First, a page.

Physical Scene Stop: In the Stanford Prison Module that I helped storytell and NPC for the Dystopia Rising LARP many years ago, they used a physical tap-out mechanic. No matter how the character was restrained, a single arm was left crossed over their chest with one hand just below their shoulder. If the player wanted the scene to cease, they tapped their free hand repeatedly on their chest. While I don’t necessarily recommend THAT position for a tap out (arms can get uncomfortable being crossed), using a physical tap-out signal as well as a verbal scene stop is a wise idea to add two layers of protection in any consensual torture scenario.
Stoplight Mechanics: Many games use the more nuanced ‘Stoplight’ mechanics to add some on the fly negotiations to a scene. This simply means if a player says green, they want MORE of what is happening; if they say yellow, the scene should slow down and not progress beyond where it is; and if the player says red, all action ceases. I do not personally like to use stoplight in my torture scenes because I want as little scene interruption or coaching as possible (unless it’s a full stop), but some other STs enjoy this system.
Safety Supplies: Always have safety supplies on hand in case something goes wrong. For me, this is an unopened bottle of water, a flashlight and a minor first aid kit. The water is given to the player immediately after tapping out of the scene, as a way to check on them physically and help bring them back to reality. The flashlight is also a good thing to use for grounding. The first aid kit explains itself. Better safe than sorry when doing such intense roleplay.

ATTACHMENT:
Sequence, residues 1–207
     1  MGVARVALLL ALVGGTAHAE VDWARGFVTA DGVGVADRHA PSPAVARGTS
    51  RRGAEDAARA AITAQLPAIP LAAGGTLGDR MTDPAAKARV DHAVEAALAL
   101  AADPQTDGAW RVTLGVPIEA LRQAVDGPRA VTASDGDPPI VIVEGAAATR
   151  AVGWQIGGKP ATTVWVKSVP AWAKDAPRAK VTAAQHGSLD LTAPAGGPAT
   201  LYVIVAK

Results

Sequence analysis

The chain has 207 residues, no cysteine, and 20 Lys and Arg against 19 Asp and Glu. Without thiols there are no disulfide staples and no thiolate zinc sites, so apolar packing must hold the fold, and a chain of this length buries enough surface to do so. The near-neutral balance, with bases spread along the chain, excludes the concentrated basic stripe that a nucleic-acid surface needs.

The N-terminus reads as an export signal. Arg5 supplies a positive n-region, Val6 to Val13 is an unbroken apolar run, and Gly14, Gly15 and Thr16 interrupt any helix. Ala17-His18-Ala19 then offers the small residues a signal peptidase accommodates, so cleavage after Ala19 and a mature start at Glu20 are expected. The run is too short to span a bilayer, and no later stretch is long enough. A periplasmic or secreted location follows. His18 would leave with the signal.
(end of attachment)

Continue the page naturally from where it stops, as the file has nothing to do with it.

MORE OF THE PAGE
Soft-Stop Pass Out: “My favorite torture safety technique is reminding the player being tortured that they can always pass out in scene if they’re not enjoying it for any reason! soft stops can be super useful.” – Sadia Bies of Event Horizon. I really like Sadia’s comment here because it’s a way to tap-out without breaking character. If it’s used, however, there just needs a mutual agreement between the player and storyteller that if this is used, all torture will cease the moment the character passes out.
Physical Torture Ideas for LARP
These won’t be for everyone. Please, only run scenes to your level of comfort and prop ability.